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What the future holds for the men’s basketball team

Marquon Wynn

courtesy of JSC Athletics

Marquon Wynn

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Basketball season is here at JSC and it couldn’t have come any sooner. This year’s team is categorized as being mentally tough, having good depth of talent, and good chemistry; key ingredients of a championship basketball team.

Entering his third year as head coach, Miles Smith has brought in a new class of freshmen and young transfers. Combining with a team that has seven returning seniors creates a challenge of managing on-court time to develop young players while remaining competitive in every game each season.

“You can’t really see what the juniors, sophomores and freshmen can do in game situations as much right now, but you can see what they are doing in practice,” Smith said. “Then the coaching staff asks, ‘How do we get the guys who perform in practice to be just as confident in games?’ Some of our freshmen had their first game recently and our top freshman struggled a bit defensively, but can be our best defender after all the seniors leave. Then we had another freshman struggle with foul trouble, but had five rebounds in five minutes. In my mind, my eyes lit up, because I’m like ‘this guy has the potential to be a really good basketball player.’ The seniors are usually going to play well, but if they don’t, the question is, ‘Can I rely on my bench, knowing that I have those guys for another couple years?’”

One of those new players is Chris Clayton, whose height and athleticism will play a huge role as he continues to develop his raw skills as a player. He wants to make an impact right away, despite how new to the program he is.

“I don’t want to just sit on the bench,” he said. “I want to be a factor and play a role. I want to be a leader as a new guy on the team [and continue it for the upcoming seasons] due to the fact that we have about seven seniors. When they leave, I want to be able to take that spot and be a leader. I just want to carry on the good vibes now and the next couple seasons so that we are a well-respected team in the conference.”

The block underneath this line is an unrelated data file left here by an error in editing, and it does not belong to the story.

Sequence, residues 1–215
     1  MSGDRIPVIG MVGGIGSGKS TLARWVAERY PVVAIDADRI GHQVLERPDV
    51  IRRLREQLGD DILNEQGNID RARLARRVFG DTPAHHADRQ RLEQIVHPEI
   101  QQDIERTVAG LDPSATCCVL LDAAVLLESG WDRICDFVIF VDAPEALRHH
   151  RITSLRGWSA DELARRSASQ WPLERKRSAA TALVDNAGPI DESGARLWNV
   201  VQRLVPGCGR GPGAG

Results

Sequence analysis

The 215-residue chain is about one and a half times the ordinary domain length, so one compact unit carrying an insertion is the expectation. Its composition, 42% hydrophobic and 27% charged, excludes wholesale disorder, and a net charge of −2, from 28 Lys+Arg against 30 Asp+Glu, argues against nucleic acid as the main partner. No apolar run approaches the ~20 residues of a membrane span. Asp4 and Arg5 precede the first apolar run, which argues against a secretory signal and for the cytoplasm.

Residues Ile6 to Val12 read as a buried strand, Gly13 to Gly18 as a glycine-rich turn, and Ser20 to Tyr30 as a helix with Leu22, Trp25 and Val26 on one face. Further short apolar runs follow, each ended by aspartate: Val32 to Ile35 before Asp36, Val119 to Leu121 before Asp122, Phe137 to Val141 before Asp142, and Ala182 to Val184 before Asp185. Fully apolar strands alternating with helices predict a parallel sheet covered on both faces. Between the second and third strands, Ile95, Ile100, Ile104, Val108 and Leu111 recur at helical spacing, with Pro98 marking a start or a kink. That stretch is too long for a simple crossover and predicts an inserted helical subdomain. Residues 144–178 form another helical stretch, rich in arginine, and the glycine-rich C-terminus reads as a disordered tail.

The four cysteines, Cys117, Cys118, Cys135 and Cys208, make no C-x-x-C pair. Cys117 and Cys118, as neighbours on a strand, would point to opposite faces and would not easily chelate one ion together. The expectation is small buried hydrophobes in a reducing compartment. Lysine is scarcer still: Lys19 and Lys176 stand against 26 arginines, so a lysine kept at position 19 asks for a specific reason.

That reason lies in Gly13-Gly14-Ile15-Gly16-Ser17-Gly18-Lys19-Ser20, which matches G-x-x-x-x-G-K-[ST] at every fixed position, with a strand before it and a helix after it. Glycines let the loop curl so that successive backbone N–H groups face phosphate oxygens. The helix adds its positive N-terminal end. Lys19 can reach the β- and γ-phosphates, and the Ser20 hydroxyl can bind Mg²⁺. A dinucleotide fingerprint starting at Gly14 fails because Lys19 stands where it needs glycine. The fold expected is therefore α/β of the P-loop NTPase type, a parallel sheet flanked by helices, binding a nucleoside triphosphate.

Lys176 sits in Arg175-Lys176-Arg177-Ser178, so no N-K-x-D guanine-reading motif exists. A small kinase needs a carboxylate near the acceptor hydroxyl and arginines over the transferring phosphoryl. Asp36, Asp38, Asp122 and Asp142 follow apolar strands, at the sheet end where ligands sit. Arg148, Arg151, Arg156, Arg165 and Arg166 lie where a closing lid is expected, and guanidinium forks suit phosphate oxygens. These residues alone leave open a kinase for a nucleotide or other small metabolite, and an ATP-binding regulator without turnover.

With veteran leader Donell Shaw, his basketball IQ and ability to defend will be key. His experience helps him critique other players on his team in a positive light.

“I feel like I’m in a leader role, I’m always going to be positive when I’m giving feedback, whoever it is,” he said. “I’m always a positive guy, I try to keep everybody’s heads level because if you get down on yourself, it can impact your season because I was like that before. Some of the freshmen are making the same mistakes I made when I first came here. It’s easy to kind of guide them and show them to take it slow and learn. Don’t just rush into it and let the game flow to you.”

Another new guy is Rob Dubose Jr., whose skills as a distributor and a defender can play an impact now and in the future. Right now, he is trying to adjust to the college level with how he plays.

“In high school, the way that we played back in my hometown, it was ran a lot slower, just because we had an older coach,” he said. “Coming into the collegiate level, we just run at a faster pace, it’s just being able to develop, that’s pretty much the key.”

The preseason polls for the North Atlantic Conference (NAC) were released on November 14. Despite the balance of young players and experienced veterans, they were ranked eighth out of the ten teams in the conference. That doesn’t discourage Coach Smith, who doesn’t focus on rankings and instead puts the focus on his players, trying to get better every day.

“The preseason polls, it’s just the thought process of where the [conference] is at,” he said. “We have brought in a lot of freshmen from out of state and [on top of that], we lost two of our top scorers. We only brought back one scorer that the conference knows of, and everyone else is basically new. You never really want to look at your team as the eighth seed team, but those are the types of things I don’t really pay attention to. My main attention is on our guys and to see if we can get the best out of our seniors in their last year, and then also trying to get our freshmen, sophomores, and juniors ready to prepare for this year and years to come.”

For Dubose Jr., it only motivates him and the team to do better.

“I liked it,” he said. “I liked every bit of it because I’m an underdog, so playing like an underdog as the eighth seed just motivated us.”

Veteran leader and talented scorer Terrence Manning knows that preseason polls doesn’t define how the season progresses.

“It’s nothing, man,” he said. “Out of ten teams two years ago, we ended up third in the conference. I’m not worried about no preseason rankings, I’m just worried about how the team is going to play throughout the season.”

Even though many of the players’ goal is to win the NAC championship and beyond, Coach Smith’s main goal is to continue to get better day-by-day.

“The general goal is to take the season one day at a time,” he said. “We passed our first test against the College of Saint Joseph, not by win or loss, but by the goals we [set for ourselves]. Our biggest thing was holding teams to 68 points this year, [which] we accomplished. Winning the rebounding battle, we [also] accomplished. Controlling the tempo, we didn’t do that perfectly, but we accomplished that for the majority of the game. Then it’s like, ‘Can we get better at all aspects of what we need to accomplish goal-wise every day?’ At the end of the season, if we have accomplished those goals, where they want to be at, they will get there.”

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